A single track side TV screen contains two assets.
- The support for the screen which could be a scaffold, a vehicle or combination of these.
- The actual screen plane.
The supports for the screen should be modelled as normal TSO with LoD’s (if necessary), using a PBR shader (standard or blend as necessary) and baked AO.
The model should include the screen face surface, even though it will not be visible in game because the screen plane (asset 2) sits in front of it. This if for lighting and shading reasons.
Note that because the TSO’s screen face is not visible in game, it should just be mapped to some small part of albedo texture. Do not reserve a big area from albedo texture for this, but just give it reasonable mapping coords.
The second asset is the actual screen plane.
This is a flat, single polygon plane which has a "Track Side Live TV Monitor" shader is applied to it (described in the next section). The shader enables feed from the video frame buffer data which is then shown as a “live video feed” in game.
The plane should be placed 2 cm front of the TSO’s screen face to avoid z-fighting.
It is a good idea to group the screen TSO and screen face mesh together for easier distribution.
Setting up the Track Side Live TV Monitor shader in 3ds Max
Add new gMat material, give it some reasonable name and setup “Track Side Live TV Monitor” shader for it. Set emissive color to full white.
Add any existing small albedo texture (without alpha) to shader’s only texture slot. This texture won’t be rendered in game, but it is required to be there as render target.
Assign material with “Track Side Live TV Monitor” shader to the screen face mesh. We also need to give screen plane reasonable mapping coords, so we can export the plane as gmt.
The screen TSO export settings should be setup like any other TSO. The screen face should share the same settings (like LoD in/out values and VisGroups), except shadow casting and reflections.
Shadow casting of the screen face should be turned off completely and there should be no reflection planes or other reflections settings for the screen face either.
Plant both assets somewhere on your track, export them and add scn entries for testing.
Load the track with your exported test screen in the SCN viewer and navigate to front of the screen.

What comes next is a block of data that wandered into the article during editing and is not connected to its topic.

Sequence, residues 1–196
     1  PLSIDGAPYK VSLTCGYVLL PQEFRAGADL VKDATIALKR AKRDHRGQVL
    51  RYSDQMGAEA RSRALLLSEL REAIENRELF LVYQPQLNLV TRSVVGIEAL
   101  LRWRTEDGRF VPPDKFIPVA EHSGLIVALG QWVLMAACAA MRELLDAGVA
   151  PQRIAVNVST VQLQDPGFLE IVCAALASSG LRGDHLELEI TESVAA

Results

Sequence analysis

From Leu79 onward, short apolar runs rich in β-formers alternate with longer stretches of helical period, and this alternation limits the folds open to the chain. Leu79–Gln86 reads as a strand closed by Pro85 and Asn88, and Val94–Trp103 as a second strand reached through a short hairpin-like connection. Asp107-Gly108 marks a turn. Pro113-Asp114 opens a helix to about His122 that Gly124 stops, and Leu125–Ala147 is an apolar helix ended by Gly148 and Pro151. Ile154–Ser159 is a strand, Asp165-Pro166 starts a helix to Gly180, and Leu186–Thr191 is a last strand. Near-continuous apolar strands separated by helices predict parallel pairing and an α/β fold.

You should see “live tv” feed on your screen face when moving around front of the screen.
Open material editor and find your screen face material.
Material settings are quite obvious, very similar like your own TV or monitor, with few extra adjustments. These adjustments manipulate frame buffer feed output on screen face.
TextureMaxColorClamp - Works together with saturation adjustment, clamping the maximum saturation value. Default value 20 is good for most solutions.
MinBrightness - Works together with brightness adjustments, giving minimum level of brightness. Default value is 0.1
Brightness - Brightness adjustment. Default value is 0.5
Contrast - Contrast adjustment. Default value is 0.5
TextureGain - Simplifying explanation without complex scientific formulas, this adjustment affects to overall video signal level on the screen. Higher value gives “brighter” picture and lower value gives “darker” picture. This adjustment can be used for balancing screen output at night time, but be careful that you do not overdrive screen outlook at daytime (=washed out picture at daytime). Default value is 1.0
Hue - Adjusts base hue of the screen. With default value 1.0 frame buffer data is feed through as it is. Hue adjustment affects the hue of whole color spectrum of the screen. This is very sensitive adjustment, so adjust it carefully.
Saturation - Adjusts screen saturation, default value is 0.5
General information about jumbo tv screen panels and how they affect to our material settings
In real life these giant screens are made from standard size LED panels, which are “bolted” together for bigger screen sizes. Specific screen matrix hardware- and software solutions makes them work as a “single screen”.
Characteristic “features” of these panels are poor color gamut and color reproduction, poor contrast, brightness and saturation, compared to typical TV and monitor equipment.
Because of this we must take these LED panels “features” into account, when we fine tune our screen material settings.
Feeding frame buffer data through as it is does not give realistic output to our screens.
It is good practice to reduce saturation slightly and make the picture generally slightly darker. This should give us a more realistic look for our screens.